As shown in FIG. 2, the cloud recovery system relies on copying data from the source site (on-premise) disks to cloud storage during a backup operation and then to cloud-based VM storage during a disaster recovery operation. While it is possible to extract production (source site) VM 204 disk configuration information (for Disk 1 and Disk 2), it is not clear that the production VM disk types are selected in the same way needed in the cloud 210. The reasons for this may be that the on-premise disk types may not correlate to the cloud options, and/or that the on-premise tradeoffs regarding price/performance balance is different. The original source site disks may be any mix of HDD, SSD, or other storage devices, but the ultimate DR VM disks are either HDD or more expensive SSD devices, and as stated above, simply choosing SSD devices as target storage is usually not economically feasible.
 To overcome these and other disadvantages, system 200 includes an automated optimal disk selection process 220, which uses certain disk configuration information as hints or relevant information to select the best option with respect to HDD or SSD disk storage type. For the embodiment of FIG. 2, the optimal disk selection process 220 may be executed by the cloud recovery site as a cloud-based application. Alternatively or in addition, it may be executed by the source site 202, such as by backup server 102, as a locally executed application.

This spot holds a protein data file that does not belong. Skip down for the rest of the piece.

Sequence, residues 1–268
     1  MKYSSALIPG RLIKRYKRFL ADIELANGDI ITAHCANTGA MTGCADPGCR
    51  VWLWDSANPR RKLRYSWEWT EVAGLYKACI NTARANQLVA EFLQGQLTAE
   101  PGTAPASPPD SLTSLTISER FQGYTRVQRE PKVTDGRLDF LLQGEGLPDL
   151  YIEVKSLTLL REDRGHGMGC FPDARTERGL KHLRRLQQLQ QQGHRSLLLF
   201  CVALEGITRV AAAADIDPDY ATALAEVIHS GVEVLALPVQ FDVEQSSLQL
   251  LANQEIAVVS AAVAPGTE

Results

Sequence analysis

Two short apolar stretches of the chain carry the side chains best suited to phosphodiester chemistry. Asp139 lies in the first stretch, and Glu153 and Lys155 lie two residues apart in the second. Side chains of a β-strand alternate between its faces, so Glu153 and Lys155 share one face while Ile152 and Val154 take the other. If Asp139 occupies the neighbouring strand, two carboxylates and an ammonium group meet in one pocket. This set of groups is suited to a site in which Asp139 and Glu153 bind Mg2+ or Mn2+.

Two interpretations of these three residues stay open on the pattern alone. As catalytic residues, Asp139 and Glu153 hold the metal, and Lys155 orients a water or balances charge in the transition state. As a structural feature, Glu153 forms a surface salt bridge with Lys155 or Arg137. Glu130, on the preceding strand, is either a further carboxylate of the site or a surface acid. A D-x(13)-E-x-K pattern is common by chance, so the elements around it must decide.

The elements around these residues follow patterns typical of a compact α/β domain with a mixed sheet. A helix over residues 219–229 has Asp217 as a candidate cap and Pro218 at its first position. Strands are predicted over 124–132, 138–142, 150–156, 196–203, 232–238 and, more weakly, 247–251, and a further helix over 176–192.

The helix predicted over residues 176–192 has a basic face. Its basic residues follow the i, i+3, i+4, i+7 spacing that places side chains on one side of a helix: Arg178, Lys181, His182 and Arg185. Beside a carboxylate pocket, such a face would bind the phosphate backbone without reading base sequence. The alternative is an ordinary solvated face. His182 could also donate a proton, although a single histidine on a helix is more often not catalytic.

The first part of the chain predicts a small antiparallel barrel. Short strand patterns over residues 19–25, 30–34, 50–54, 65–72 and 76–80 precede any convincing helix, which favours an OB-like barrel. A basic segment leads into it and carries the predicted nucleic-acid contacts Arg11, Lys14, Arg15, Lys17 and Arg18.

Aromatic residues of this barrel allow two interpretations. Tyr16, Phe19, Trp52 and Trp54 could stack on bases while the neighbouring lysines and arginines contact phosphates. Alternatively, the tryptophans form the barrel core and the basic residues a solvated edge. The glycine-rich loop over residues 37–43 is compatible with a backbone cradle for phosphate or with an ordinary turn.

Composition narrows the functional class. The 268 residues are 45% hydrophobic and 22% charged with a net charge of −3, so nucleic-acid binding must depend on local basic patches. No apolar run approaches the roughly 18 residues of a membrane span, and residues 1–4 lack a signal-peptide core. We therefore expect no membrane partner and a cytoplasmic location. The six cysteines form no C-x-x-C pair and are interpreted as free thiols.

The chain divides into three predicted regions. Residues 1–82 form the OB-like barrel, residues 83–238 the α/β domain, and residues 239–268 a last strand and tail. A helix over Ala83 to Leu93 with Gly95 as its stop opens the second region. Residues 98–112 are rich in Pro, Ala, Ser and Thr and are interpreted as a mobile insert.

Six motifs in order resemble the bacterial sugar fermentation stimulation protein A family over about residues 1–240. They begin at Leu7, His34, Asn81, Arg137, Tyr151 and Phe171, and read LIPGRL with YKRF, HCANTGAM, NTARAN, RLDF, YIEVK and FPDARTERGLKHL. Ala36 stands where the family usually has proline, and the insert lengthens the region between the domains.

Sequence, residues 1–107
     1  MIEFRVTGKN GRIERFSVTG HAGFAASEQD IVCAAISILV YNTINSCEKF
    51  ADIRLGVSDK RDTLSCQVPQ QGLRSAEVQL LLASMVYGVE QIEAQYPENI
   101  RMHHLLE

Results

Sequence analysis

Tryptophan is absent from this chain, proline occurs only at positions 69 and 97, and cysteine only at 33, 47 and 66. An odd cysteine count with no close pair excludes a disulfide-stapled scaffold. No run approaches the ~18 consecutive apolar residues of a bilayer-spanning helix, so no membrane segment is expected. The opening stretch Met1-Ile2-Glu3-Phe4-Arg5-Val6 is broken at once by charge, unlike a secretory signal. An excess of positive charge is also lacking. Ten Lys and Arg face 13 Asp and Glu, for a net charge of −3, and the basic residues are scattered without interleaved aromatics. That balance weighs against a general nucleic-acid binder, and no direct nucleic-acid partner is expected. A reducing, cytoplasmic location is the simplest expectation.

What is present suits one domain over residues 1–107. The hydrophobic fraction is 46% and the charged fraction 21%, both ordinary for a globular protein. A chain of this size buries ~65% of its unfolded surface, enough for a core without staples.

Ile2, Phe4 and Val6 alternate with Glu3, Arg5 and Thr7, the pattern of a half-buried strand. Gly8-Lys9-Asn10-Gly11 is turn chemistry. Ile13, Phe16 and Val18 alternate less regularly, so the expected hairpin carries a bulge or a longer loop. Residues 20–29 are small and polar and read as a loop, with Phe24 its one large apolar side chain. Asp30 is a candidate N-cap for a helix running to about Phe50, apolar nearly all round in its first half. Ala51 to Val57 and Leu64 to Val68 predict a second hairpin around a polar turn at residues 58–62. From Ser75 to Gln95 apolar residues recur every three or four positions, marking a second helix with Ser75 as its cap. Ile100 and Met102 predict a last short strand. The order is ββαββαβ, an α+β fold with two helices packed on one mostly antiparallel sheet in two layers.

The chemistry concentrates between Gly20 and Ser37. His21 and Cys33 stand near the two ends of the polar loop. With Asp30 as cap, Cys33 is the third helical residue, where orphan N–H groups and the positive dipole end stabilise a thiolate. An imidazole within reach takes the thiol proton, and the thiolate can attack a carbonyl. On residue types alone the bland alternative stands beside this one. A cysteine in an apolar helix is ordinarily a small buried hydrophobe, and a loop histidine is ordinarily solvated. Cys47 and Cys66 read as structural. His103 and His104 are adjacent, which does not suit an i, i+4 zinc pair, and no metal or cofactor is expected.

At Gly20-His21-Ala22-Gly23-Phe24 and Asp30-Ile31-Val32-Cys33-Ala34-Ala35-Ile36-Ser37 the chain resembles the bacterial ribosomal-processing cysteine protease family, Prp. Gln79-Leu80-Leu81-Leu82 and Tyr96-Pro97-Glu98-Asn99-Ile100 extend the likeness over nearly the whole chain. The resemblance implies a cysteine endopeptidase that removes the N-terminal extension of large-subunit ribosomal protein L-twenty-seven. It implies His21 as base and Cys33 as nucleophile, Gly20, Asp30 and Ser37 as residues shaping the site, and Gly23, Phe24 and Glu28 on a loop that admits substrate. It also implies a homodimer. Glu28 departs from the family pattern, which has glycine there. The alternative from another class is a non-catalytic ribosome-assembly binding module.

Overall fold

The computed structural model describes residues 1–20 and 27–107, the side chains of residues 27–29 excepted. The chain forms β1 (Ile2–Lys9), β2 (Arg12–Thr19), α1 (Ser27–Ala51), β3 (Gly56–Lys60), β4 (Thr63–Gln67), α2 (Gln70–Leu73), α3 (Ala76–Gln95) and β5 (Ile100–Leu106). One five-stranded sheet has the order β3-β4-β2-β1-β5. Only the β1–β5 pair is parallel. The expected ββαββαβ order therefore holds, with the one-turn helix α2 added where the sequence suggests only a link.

Virtual environments such as system 200 are based on a hypervisor (e.g., vSphere/HyperV, etc.) that provides an API (application program interface) for obtaining disk and disk controller settings. Such an API can typically be used to get the disk types of every VM in the system, and this information [VM, disk, disk type] can be saved with each backup as additional backup metadata. During a VM disaster recovery process 205, this metadata will be inspected, and certain corresponding threshold values will be modified for every VM disk. In an embodiment, the optimal disk selection process 220 is used to modify certain of these thresholds, as defined below.
 The process 220 uses an algorithm operating on certain parameters for defining the optimal disk type among available HDD and SSD disk types. Table 1 below lists the parameters used by process 220, under some embodiments.
TABLE-US-00001 TABLE 1 PARAMETER DESCRIPTION MNP Minimum Sample Size (number of probes) CHT Cold HDD Threshold PPT Positive Probes Threshold
 As shown in Table 1, the three configurable parameters are the minimum number of probes (MNP), the cold HDD threshold (CHT), and the positive probes threshold (PPT). A statistical method is used in process 220, and as such, a minimum sample size (MNP) is required to make sure that the threshold numbers are statistically significant.
 With regard to the MNP parameter, the minimum number of probes corresponds to the minimum number of backup samples that is required to be processed in order to define the disk type. If the disaster recovery operation is attempted before the MNP threshold is reached, the default disk type will be used. In an embodiment, the default disk type is general purpose SSD to ensure a maximum amount of performance for any given scenario.
 The CHT parameter is the maximum percentage (or some fixed percentile) of the disk data that is changed in a single backup. If the percentage of changed data in a backup is less than this CHT threshold, this backup operation will contribute to the final decision to treat the disk as cold HDD (and vice versa).